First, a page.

|System: PSP||Review Rating Legend|
|Dev: SuperVillain Studios / Titan Studios||1.0 - 1.9 = Avoid||4.0 - 4.4 = Great|
|Pub: SONY||2.0 - 2.4 = Poor||4.5 - 4.9 = Must Buy|
|Release: May 4, 2010||2.5 - 2.9 = Average||5.0 = The Best|
|Players: 1-8||3.0 - 3.4 = Fair|
|ESRB Rating: Teen||3.5 - 3.9 = Good|
by Jonathan Marx
Fat Princess for PS3 is one of my favorite PSN titles. The well-balanced, 16-player team-based multiplayer, hilarious presentation and concept, and simple gameplay mechanics made it a rather fun title. Unfortunately, Fat Princess did suffer mightily from one major issue: multiplayer games are drag-out brawls; more tests of endurance than strategic ability. Though Fat Princess: Fistful of Cake for PSP has even more content, this fundamental flaw has not been ameliorated. Additionally, a lack of voice chat, slow, unpredictable connections, and ho-hum single-player offerings take the shine off what otherwise is a quite robust portable package.
Fat Princess: Fistful of Cake is essentially identical to its console predecessor; if you really enjoyed what was on offer on the PS3, you'll be happy to know that the portable version is practically its equal. Rather than changing up the formula substantially, the development team simply ported over the first game and added a few new multiplayer modes and a lengthier single-player story.
For those of you that have never experienced the face-stuffing fun of the first title, gameplay here consists of team-based multiplayer battles where humans and AI-controlled characters go at it. Though there are eight gameplay variations to choose from, the majority of play revolves around CTF-like game modes, but instead of a flag, you'll have to capture the other side's princess and hold her in your dungeon for a set amount of time without losing your princess. In order to make things difficult for the other team, you can fatten up the princesses with magical cake. The morbidly obese monarchs are much more difficult to abscond with due to their sheer weight, so it will take multiple opponents to carry her away with any kind of efficiency.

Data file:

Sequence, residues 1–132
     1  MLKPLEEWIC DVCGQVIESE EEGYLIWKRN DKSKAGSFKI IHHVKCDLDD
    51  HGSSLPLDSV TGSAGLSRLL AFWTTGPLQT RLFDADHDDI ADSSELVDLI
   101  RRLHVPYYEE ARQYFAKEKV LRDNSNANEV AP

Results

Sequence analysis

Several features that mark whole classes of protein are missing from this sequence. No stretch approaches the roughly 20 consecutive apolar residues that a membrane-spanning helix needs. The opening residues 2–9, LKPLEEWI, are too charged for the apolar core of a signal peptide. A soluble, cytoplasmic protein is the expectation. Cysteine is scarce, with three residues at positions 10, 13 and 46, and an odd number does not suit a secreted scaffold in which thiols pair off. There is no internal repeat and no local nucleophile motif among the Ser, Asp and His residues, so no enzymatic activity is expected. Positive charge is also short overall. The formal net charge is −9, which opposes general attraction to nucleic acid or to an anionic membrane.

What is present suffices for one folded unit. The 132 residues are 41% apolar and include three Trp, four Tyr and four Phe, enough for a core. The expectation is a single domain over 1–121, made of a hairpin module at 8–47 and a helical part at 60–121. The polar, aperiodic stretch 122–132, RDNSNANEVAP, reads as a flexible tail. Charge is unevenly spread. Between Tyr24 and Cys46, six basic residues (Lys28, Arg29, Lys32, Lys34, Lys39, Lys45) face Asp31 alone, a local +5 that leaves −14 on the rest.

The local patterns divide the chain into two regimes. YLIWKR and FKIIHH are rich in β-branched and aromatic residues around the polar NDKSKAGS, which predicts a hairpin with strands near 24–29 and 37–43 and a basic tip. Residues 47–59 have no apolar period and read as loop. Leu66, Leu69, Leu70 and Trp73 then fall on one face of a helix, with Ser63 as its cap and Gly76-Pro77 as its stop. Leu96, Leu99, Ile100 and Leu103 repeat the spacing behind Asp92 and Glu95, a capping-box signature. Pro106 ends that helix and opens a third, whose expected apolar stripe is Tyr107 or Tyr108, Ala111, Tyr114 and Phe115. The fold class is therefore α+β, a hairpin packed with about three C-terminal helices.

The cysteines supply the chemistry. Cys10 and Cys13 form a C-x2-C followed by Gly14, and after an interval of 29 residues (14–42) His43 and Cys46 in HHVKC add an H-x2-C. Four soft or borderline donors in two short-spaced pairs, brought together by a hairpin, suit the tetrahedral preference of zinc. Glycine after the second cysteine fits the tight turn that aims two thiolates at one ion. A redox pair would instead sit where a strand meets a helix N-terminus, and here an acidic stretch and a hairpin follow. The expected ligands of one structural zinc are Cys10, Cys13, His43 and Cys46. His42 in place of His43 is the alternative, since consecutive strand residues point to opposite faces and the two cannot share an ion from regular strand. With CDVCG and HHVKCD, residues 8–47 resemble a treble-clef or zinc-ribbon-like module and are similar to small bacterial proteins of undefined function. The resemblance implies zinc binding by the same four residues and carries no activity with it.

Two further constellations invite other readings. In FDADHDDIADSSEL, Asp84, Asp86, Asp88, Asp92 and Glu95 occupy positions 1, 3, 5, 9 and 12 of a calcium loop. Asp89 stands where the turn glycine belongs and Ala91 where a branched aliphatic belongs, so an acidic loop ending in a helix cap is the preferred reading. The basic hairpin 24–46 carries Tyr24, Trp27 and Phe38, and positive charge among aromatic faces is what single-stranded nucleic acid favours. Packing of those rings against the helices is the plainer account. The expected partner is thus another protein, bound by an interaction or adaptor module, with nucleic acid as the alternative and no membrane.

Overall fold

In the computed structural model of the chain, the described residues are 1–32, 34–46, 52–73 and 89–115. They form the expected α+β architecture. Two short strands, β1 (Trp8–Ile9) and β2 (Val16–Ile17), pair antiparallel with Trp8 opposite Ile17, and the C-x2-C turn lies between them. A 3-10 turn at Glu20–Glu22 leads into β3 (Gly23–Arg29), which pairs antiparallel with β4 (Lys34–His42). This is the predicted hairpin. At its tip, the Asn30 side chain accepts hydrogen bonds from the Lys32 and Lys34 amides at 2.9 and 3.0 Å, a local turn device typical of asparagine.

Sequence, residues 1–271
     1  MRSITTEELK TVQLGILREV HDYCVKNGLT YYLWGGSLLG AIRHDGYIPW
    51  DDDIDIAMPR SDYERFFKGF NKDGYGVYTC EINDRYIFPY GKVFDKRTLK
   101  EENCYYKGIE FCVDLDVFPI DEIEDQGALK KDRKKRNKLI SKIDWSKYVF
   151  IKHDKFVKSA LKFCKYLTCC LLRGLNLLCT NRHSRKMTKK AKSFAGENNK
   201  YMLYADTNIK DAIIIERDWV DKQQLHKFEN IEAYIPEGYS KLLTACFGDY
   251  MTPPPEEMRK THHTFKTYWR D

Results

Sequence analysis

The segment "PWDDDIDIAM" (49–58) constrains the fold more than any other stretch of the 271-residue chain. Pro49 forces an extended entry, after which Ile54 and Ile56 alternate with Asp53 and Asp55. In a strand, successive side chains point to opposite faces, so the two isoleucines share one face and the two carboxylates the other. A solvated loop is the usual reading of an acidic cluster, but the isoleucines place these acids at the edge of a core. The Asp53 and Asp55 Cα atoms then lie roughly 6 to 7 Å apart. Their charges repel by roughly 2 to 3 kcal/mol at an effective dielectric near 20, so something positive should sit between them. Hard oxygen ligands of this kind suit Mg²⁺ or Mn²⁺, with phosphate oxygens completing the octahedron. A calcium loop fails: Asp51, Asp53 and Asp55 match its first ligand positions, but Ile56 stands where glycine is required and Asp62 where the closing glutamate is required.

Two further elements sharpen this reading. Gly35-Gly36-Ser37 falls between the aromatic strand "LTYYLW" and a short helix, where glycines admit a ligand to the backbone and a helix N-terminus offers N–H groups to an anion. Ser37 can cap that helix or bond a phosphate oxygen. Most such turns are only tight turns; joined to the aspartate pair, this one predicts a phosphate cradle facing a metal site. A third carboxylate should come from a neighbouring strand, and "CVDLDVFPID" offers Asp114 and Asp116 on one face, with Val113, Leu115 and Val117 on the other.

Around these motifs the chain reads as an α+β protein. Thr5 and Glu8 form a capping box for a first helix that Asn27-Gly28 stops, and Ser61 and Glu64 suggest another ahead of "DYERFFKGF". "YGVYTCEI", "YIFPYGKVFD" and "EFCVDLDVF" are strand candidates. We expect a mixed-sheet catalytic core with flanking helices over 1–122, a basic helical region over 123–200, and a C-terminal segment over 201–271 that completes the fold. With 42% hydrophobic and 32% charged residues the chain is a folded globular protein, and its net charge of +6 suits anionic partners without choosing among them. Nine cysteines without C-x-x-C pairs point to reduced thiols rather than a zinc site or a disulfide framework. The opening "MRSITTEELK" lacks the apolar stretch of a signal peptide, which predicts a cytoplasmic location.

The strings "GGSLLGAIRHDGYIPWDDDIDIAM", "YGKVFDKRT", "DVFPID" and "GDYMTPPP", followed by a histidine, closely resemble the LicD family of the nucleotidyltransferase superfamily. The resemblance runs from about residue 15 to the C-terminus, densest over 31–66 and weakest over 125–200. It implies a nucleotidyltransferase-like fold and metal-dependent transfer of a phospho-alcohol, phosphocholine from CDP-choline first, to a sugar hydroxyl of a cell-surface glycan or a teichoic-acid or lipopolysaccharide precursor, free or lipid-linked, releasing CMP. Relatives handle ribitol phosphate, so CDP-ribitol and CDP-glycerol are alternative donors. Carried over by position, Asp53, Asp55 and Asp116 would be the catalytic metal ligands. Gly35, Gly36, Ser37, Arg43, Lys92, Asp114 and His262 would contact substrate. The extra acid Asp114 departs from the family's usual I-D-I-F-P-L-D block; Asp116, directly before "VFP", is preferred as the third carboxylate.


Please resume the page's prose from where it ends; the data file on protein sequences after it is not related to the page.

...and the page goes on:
You can also up the challenge for your competitors, and tip the balance in favor of your team, by collecting resources (wood and metal). Stockpiling specific amounts of each resource will allow workers to build fortifications and shrines, manufacture siege implements (ladders, launch pads, etc.), and upgrade hat machines to give your team important secondary abilities. In the Fat Princess series, players are able to switch between five different upgradeable classes at the drop of a hat. That's right; picking up hats back at your castle, or even up off the corpse-strewn battlefield, will let you take up a specific class role.
Rangers are bowmen that are lethal from a distance and will eventually wield muskets. The horned Warriors have a large reservoir of health, making them durable melee fighters that are especially deadly with their swords and poleaxes. Workers are for harvesting resources, building, and upgrading, though eventually they'll get pretty tough once they learn demolitions. Mages use ice and fire spells, both as area-of-effect and as missile attacks, to take out foes from range, playing a similar role to the Ranger. Finally, Priests can either boost friendly units' health or sap enemy vitality, making them essential support units.
The five classes in Fat Princess: Fistful of Cake offer varied roles in battle, which makes fighting fun by keeping things fresh. These are the same classes featured in the original, and, in spite of the fact they're extremely well-balanced, the addition of a few more roles would have been nice. In fact, the old classes are so balanced that it's virtually impossible to get any real advantage over the competition. While this keeps things fair, it also makes multiplayer games incredibly lengthy. These marathon sessions make wins satisfying, but they also make losses quite bitter to swallow. Moreover, such arduous battles are not particularly well-suited to gaming on the go. For starters, this game will blow through your battery if you're not tethered to an outlet. Also, this game is only truly enjoyable whilst playing against other humans, so you'll have to play in close proximity to a Wi-Fi hotspot or travel with friends that also own the game for Ad Hoc action.